• Withdraw an appropriate amount of compatible solution to prepare a total volume infusion syringe as specified in Table 2.
  • Gently mix the solution. Do not shake.
  • Discard any unused portion remaining in the raxibacumab vial(s).
  • The prepared solution is stable for 8 hours stored at room temperature.
  • Infusion Bag Preparation
  • Select appropriate size bag of compatible solution (see compatible solutions listed in Table 2), withdraw a volume of solution from the bag equal to the calculated volume in milliliters of raxibacumab in Table 2. Discard the solution that was withdrawn from the bag.
  • Withdraw the required volume of raxibacumab injection from the raxibacumab vial(s).
  • Transfer the required volume of raxibacumab injection to the selected infusion bag (step 3). Gently invert the bag to mix the solution. Do not shake.
  • Discard any unused portion remaining in the raxibacumab vial(s).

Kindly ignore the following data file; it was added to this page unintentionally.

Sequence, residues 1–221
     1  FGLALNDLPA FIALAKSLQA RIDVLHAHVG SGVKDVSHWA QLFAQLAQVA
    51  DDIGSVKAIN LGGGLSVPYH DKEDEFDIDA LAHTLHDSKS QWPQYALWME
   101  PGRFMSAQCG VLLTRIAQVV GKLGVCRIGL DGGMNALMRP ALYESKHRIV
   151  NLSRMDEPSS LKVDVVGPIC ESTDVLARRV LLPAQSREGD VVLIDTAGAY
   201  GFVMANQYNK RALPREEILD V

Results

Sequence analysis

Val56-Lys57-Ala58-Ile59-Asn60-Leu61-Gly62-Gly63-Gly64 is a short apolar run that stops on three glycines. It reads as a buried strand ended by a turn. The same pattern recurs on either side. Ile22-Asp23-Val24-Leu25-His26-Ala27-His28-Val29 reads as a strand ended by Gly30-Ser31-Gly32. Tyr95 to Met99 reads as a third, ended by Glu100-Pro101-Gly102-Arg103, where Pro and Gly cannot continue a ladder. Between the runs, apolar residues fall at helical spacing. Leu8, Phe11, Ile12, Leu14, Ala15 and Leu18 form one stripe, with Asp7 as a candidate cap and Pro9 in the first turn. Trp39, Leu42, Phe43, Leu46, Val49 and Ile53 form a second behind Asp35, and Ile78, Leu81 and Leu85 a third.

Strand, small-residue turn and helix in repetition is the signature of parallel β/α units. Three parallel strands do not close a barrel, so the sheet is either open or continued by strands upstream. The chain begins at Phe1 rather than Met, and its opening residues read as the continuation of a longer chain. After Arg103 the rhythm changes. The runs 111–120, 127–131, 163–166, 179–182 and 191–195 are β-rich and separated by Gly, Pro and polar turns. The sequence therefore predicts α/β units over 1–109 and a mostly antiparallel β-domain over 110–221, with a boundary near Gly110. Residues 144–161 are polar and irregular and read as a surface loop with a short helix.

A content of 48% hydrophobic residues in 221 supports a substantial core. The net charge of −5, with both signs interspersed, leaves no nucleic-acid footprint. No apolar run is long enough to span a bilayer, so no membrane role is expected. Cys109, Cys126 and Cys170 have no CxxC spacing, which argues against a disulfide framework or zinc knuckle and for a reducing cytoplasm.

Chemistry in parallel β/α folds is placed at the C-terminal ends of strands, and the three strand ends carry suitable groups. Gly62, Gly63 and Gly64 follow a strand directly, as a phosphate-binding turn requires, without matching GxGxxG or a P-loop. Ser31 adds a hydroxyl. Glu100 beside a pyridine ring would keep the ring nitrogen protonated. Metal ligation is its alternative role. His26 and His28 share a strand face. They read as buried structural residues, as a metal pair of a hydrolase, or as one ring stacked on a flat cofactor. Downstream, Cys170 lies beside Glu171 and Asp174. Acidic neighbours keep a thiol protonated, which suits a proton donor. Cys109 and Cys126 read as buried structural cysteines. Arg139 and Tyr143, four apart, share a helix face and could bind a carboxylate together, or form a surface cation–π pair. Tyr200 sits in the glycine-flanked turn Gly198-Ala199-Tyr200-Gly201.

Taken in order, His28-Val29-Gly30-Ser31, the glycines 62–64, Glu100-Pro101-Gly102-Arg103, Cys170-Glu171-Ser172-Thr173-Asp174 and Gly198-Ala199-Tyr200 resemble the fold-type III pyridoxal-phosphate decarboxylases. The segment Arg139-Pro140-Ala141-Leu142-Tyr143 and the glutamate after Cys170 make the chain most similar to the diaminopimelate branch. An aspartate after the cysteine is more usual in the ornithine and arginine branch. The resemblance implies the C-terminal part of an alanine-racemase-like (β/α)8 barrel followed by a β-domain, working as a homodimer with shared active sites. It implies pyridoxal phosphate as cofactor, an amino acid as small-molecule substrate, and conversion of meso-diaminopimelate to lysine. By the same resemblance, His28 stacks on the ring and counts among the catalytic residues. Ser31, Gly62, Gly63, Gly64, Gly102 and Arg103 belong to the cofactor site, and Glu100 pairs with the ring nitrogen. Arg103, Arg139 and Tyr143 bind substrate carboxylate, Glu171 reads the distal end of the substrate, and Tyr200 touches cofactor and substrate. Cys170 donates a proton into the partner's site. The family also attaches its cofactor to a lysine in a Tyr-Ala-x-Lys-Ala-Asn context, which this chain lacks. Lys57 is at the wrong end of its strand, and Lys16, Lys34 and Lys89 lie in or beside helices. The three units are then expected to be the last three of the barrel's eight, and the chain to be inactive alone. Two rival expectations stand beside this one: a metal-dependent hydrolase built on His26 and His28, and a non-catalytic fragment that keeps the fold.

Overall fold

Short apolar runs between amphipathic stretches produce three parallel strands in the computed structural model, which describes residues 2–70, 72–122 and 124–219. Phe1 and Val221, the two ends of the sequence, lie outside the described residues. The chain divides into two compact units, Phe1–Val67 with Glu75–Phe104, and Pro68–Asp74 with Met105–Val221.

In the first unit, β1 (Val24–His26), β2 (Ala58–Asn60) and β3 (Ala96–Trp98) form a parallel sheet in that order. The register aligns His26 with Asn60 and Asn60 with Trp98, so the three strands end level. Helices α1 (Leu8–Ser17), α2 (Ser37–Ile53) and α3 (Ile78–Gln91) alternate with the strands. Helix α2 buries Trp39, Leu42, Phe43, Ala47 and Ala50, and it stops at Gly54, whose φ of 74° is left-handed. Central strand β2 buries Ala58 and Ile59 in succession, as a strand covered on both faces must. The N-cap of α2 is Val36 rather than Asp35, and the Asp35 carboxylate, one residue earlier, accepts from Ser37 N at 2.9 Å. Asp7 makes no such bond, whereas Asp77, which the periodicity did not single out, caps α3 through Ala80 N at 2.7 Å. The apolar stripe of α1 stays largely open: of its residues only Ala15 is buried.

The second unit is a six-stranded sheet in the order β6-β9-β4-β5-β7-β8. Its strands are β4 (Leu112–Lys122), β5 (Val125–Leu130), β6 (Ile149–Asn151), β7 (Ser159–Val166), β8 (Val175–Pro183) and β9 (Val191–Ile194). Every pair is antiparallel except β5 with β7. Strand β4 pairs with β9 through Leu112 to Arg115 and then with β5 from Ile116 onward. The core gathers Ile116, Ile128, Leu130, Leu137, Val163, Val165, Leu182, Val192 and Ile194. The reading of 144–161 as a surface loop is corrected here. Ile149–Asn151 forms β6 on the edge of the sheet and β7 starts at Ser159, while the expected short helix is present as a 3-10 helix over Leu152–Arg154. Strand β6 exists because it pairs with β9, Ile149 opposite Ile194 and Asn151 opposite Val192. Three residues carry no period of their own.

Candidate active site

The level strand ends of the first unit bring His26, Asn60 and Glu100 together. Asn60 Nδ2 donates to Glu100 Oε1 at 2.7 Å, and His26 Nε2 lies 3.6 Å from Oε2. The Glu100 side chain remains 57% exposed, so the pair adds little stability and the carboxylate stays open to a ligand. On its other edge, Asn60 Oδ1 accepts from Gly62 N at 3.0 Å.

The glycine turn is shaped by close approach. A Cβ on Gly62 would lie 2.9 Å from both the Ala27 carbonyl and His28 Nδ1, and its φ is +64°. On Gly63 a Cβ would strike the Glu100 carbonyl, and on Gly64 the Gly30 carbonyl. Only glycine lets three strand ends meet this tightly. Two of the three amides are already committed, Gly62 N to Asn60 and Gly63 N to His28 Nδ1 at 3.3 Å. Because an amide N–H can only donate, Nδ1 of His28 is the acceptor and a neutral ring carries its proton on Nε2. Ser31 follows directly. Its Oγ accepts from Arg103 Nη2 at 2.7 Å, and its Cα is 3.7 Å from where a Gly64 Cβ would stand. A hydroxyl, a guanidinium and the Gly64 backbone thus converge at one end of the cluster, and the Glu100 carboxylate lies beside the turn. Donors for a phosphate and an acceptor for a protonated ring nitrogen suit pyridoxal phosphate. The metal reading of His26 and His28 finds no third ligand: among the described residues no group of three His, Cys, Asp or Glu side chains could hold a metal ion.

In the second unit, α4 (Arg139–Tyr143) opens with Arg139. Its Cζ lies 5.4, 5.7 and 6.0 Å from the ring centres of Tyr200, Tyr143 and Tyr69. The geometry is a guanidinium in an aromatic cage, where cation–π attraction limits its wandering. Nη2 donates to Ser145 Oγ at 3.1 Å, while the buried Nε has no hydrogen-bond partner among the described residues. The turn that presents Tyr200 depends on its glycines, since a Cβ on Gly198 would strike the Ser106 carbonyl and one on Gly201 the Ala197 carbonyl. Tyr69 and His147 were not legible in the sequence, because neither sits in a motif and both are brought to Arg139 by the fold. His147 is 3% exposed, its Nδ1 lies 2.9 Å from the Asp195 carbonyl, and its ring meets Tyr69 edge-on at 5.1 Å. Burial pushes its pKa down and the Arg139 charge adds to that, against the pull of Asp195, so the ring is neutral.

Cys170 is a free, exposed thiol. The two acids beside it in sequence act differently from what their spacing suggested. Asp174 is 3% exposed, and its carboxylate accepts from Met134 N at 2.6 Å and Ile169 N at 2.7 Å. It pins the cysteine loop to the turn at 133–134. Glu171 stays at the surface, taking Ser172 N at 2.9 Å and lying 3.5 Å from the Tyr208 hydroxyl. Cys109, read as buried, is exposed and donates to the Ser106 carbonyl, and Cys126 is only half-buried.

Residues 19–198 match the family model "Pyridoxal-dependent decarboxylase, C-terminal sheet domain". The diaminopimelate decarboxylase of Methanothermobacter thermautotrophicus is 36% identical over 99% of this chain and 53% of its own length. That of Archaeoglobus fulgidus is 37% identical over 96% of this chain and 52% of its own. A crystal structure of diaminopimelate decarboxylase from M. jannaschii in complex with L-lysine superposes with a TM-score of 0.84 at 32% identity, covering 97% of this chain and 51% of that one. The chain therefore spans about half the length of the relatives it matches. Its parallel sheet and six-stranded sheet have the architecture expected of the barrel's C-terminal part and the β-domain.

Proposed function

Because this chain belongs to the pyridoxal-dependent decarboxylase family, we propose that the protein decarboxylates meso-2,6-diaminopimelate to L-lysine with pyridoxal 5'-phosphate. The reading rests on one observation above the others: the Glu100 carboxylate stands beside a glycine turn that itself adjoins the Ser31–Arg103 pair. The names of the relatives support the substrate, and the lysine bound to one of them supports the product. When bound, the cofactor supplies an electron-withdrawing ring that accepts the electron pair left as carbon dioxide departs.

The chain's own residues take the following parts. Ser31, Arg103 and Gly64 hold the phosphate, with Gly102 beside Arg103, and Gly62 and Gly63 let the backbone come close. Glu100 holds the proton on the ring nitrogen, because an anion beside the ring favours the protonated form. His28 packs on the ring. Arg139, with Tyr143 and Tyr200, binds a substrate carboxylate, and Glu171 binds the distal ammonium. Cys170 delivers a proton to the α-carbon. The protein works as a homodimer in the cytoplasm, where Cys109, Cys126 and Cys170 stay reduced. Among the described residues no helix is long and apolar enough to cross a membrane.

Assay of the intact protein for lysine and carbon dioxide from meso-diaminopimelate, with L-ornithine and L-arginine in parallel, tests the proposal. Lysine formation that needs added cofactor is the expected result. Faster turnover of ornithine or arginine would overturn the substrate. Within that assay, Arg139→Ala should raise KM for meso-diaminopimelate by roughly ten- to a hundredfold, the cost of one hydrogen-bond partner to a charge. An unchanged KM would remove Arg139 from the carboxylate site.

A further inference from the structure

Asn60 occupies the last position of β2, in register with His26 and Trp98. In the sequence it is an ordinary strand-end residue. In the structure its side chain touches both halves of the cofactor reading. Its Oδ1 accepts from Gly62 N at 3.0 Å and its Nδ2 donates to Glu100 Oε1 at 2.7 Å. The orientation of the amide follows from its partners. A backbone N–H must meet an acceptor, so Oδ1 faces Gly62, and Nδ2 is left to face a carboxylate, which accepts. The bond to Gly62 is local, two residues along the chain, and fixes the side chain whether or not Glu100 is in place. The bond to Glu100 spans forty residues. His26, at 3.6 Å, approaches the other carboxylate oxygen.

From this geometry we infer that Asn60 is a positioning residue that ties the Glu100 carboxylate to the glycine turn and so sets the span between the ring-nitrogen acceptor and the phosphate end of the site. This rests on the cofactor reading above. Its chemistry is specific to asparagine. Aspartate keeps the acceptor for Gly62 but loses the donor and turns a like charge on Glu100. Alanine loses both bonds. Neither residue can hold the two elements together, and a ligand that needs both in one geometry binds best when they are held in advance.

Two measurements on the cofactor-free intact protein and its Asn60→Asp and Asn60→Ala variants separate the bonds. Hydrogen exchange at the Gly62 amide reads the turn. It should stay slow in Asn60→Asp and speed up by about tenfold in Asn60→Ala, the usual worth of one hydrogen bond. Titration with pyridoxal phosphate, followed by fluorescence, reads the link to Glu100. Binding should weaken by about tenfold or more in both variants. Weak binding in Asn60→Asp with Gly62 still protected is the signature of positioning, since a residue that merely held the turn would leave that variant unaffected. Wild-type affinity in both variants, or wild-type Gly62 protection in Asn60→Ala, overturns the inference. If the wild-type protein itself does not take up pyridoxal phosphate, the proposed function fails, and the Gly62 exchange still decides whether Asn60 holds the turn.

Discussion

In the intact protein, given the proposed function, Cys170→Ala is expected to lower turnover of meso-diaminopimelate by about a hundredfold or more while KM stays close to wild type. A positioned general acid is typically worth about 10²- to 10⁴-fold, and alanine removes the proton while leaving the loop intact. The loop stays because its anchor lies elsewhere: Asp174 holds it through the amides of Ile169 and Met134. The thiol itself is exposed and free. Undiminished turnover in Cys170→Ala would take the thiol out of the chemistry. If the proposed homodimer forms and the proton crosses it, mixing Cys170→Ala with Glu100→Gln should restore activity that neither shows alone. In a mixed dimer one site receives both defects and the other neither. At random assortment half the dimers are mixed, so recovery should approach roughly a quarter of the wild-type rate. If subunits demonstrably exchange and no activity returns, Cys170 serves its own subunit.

• The prepared solution is stable for 8 hours stored at room temperature.
  • Parenteral drug products should be inspected visually for particulate matter and discoloration prior to administration, whenever solution and container permit. Discard the solution if particulate matter is present or color is abnormal. [See Description (11).]
  • Administration: Administer the infusion solution as described in Table 2. The rate of infusion may be slowed or interrupted if the patient develops any signs of adverse reactions, including infusion-associated symptoms.

Monitoring

There is limited information regarding Monitoring of Raxibacumab in the drug label.

IV Compatibility

There is limited information regarding IV Compatibility of Raxibacumab in the drug label.

Overdosage

Chronic Overdose

There is limited information regarding Chronic Overdose of Raxibacumab in the drug label.

Pharmacology

Raxibacumab?
Therapeutic monoclonal antibody
Source u